Junior doctors and consultants in England are on strike together for the second time in the history of the National Health Service (NHS). The joint action will last for three days until 4th October. Hospital dentists from the British Dental Association are set to walk out during the same time frame, providing emergency care only, whereas radiographers at 37 NHS trusts in England will also join picket lines for 24 hours from 8 am tomorrow morning. Junior doctors have staged 21 days of strike action since March.
This is momentous. Not only for the patients who may already have waited months for treatment, if not years in some cases, but for what it says about morale and the level of anger in the NHS.
A decision to take strike action is always a last resort. This is particularly the case for those in the caring professions. The fact that they are not capitulating to this bullying government says all we need to know about the breakdown of trust between the two sides.
The government has implemented a 6% pay rise for consultants and 6% plus a lump sum of £1,250 for junior doctors and has said there will be no further offers. The BMA, in response, said that wages for junior doctors have fallen 26% between 2008 and 2022, with newly qualified doctors making less than a barista in a coffee shop. It has called for a 35% pay rise for junior doctors to bring salaries back to 2008-2009 levels, calling this “pay restoration”. The consultants are not demanding pay restoration, but an above inflation uplift.
Pay is clearly at the heart of this dispute. A junior doctor earns a basic salary of £28,243 compared to the average wage of £31,772, according to the Office of National Statistics (ONS). They are therefore not inured from the impact of the cost of living crisis. A recent BMA survey warned that in 2022 nearly half of junior doctors struggled to afford their rent or mortgage and half had difficulty paying their energy bills.
The government has made much of the fact that consultants have what would look to many like an enviable salary, ranging from £77,769 to £126,281. However, using this in their propaganda war against the medical profession has only achieved a hardening of support for the strike. For consultants, it is about fairness and a recognition of their skill and levels of responsibility. For all staff, it is about the need to feel valued.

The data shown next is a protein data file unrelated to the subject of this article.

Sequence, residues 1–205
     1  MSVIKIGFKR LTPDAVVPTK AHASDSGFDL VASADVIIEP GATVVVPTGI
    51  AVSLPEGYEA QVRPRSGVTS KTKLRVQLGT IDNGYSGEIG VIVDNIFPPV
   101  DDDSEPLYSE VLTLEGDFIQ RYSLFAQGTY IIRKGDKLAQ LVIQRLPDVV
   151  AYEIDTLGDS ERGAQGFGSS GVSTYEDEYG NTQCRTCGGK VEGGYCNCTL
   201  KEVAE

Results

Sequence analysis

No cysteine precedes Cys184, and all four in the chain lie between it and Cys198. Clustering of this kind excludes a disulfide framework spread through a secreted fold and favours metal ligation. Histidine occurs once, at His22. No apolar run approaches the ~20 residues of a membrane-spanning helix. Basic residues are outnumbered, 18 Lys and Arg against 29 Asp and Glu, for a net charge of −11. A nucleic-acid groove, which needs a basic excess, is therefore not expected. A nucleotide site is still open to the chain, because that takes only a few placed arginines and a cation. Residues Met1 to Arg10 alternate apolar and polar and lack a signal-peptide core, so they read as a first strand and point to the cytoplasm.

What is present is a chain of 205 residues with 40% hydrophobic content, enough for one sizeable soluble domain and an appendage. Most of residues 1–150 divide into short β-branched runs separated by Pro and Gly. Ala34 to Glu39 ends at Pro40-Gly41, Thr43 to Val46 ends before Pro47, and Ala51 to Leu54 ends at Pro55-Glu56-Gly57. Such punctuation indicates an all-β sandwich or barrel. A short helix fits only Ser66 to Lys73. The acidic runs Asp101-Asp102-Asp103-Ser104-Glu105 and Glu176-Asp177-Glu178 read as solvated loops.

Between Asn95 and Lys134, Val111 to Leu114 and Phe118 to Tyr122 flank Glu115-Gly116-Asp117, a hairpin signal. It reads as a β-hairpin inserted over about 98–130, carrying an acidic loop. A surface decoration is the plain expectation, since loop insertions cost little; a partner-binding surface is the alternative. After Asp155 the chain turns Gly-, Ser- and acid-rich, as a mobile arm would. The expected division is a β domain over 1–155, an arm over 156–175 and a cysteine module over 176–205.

Other factors in the dispute are the working conditions all NHS staff have been forced to cope with as a result of years of funding cuts. They are constantly firefighting, trying desperately to find beds or treat patients within a reasonable and safe time frame. The Royal College of Emergency Medicine found that long A&E waits, due to a shortage of staff and a lack of hospital beds, contributed to 23,000 excess deaths in 2022. It is perhaps no surprise then that a report by the King’s Fund found that NHS staff are 50% more likely to experience chronic stress than other workers in the general population. A recent survey by The British Medical Journal found that one in three medical students plans to leave the NHS within two years of graduating.
The Guardian reported a junior doctor, Veness, who was on the picket line saying that the hospital where he works in Trafford is being routinely understaffed.
“I have seen days where we have had, I would say, dangerous [levels of] staffing. We haven’t had a registrar on call, and we haven’t been able to find a locum, so it’s just been the most junior members of staff, including myself, looking after an entire hospital, without a consultant or a registrar, which is terrifying, not only for myself, but for patients.”
So behind the pay demands is the need for recognition of the pressures the NHS staff are working under. They need to feel valued for the job they are doing day in and day out to keep the NHS functioning with inadequate resources, and they also hope that highlighting these pressures will result in a properly publicly funded NHS.
Instead of which, the government has decided to follow the worst practice ‘How to Negotiate’ handbook. Not only have they refused to meet the BMA for over six months to talk through the issues, they have embarked on a propaganda war to try and turn the public against the doctors..
The Prime Minister has repeatedly used striking doctors as scapegoats for his failure to bring down waiting lists, one of his five pledges for 2023.
And yet, despite this, some 42% of the public blame ministers for the growing delays, with just 15% of people blaming the doctors.
Time after time we are presented with evidence as to how ill-equipped this government is to run this country. Choosing to alienate and antagonise key groups of workers on whom the health of the nation depends seems foolhardy in the extreme. Adopting a bullying approach to workplace negotiations is rarely successful. So, while this government plays at being the ‘tough guy’, tens of thousands of people will continue to wait for much needed treatment and the NHS will fall further and further into decline. Meanwhile, the greedy private investors sit silently, licking their lips and waiting.